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Treatment of Preterm Labor With 17 Alpha-hydroxyprogesterone Caproate

The safety and scientific validity of this study is the responsibility of the study sponsor and investigators. Listing a study does not mean it has been evaluated by the U.S. Federal Government. Read our disclaimer for details. Identifier: NCT00120640
Recruitment Status : Withdrawn (funding)
First Posted : July 18, 2005
Last Update Posted : September 19, 2012
Information provided by (Responsible Party):
Yale University

Brief Summary:
The goal of our research will be to determine the effectiveness of 17 alpha-hydroxyprogesterone caproate (17P) in the treatment of preterm delivery. Treatment with progesterone is emerging as the standard of care for prevention of preterm delivery in asymptomatic patients at high risk for preterm birth due to a prior preterm delivery. Our goal is to evaluate whether or not progesterone is also effective in reducing preterm birth in symptomatic patients.

Condition or disease Intervention/treatment Phase
Premature Birth Premature Labor Drug: 17 hydroxyprogesterone caproate intramuscular injections Not Applicable

Detailed Description:

Preterm delivery remains one of the most important issues facing perinatal medicine today. In 1999, prematurity/low birthweight accounted for 4,304 neonatal deaths, reflecting a rate of neonatal mortality due to prematurity of 23.0 per 100,000 live births. Despite the extent of the problem, the exact etiology of preterm delivery is not completely understood. It is clear that many pathways are involved in preterm delivery, and that ultimately these must converge upon one final endpoint, which is likely related to progesterone. In the animal model progesterone withdrawal is clearly directly (rodent, rabbit) or indirectly (sheep) involved in the initiation of parturition, however the exact way in which progesterone works in humans is unclear. There has been a resurgence of interest in the association between progesterone and preterm delivery. Two recent trials have looked at the utility of progesterone in the prevention of preterm delivery in high-risk patients. In a multicenter trial reported in the New England Journal of Medicine in 2003, Meis et al, recruited 463 patients with a history of spontaneous preterm delivery and randomized them in a 2:1 ratio to intramuscular 17-hydroxyprogesterone vs. placebo from 16-20 weeks until 36 weeks. Treatment with 17P significantly reduced the risk of delivery at <37 weeks, <35 weeks, and <32 weeks.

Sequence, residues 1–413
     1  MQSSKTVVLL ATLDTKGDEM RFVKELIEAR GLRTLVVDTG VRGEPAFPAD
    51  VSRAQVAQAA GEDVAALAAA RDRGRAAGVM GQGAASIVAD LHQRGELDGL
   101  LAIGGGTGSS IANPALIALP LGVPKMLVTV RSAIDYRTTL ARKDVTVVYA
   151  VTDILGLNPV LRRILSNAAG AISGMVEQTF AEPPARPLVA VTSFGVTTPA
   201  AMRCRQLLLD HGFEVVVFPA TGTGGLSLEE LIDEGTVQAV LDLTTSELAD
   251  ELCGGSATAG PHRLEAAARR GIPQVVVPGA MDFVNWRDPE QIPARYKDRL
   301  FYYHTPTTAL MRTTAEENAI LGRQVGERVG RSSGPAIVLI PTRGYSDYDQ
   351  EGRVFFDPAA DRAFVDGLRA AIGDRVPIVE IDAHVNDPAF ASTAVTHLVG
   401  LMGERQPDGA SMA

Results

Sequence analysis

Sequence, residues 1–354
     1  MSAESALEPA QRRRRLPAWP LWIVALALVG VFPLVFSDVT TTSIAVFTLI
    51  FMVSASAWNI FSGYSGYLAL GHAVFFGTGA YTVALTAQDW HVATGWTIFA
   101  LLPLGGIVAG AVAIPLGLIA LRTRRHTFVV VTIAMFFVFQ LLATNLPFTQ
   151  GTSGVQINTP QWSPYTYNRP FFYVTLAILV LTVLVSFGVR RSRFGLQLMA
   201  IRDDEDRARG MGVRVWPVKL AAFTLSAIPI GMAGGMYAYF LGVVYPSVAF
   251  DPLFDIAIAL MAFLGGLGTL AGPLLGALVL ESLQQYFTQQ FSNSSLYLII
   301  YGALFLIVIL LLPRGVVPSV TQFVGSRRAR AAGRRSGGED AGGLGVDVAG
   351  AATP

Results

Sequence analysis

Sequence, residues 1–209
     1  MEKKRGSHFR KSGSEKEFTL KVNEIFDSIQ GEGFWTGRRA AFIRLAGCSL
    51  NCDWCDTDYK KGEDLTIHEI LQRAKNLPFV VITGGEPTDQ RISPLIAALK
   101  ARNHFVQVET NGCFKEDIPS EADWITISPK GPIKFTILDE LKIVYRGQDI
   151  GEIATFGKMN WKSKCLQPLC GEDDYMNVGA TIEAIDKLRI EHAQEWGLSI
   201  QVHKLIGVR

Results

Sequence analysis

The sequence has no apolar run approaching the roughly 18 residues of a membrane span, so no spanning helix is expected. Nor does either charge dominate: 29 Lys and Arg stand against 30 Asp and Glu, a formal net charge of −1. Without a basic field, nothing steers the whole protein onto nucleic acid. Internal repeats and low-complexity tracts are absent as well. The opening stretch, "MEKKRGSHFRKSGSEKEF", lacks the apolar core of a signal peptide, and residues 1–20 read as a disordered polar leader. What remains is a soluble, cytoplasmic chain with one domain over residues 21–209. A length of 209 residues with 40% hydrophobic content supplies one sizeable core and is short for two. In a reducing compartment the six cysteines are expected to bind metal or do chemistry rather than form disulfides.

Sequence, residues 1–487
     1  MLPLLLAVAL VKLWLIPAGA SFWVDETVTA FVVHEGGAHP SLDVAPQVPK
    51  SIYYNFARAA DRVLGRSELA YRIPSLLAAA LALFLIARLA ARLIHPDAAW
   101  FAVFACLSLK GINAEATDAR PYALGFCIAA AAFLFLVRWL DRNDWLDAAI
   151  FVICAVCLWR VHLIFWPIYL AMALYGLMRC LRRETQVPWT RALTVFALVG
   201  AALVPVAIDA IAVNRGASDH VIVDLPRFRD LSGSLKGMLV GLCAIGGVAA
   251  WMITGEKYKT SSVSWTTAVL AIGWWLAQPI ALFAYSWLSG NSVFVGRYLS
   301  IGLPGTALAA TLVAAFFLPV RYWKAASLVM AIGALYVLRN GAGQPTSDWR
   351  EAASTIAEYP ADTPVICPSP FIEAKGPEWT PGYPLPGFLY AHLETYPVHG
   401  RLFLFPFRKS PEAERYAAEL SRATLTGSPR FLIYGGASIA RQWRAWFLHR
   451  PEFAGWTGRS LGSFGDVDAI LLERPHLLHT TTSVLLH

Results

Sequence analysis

The Yale Progesterone Study is a randomized, placebo-controlled trial of the use of 17 hydroxyprogesterone for the treatment of preterm labor. The design is similar to the Meis NEJM trial, except that the patients will be symptomatic with preterm labor, rather than asymptomatic with a history of preterm delivery. In addition to the therapeutic intervention planned, the researchers intend to collect specimens to assess for markers of PTD, both before and after treatment. In this way, the researchers can analyze which pathway of PTD is involved, and finally, the effect of progesterone on these markers can be assessed.

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Study Type : Interventional  (Clinical Trial)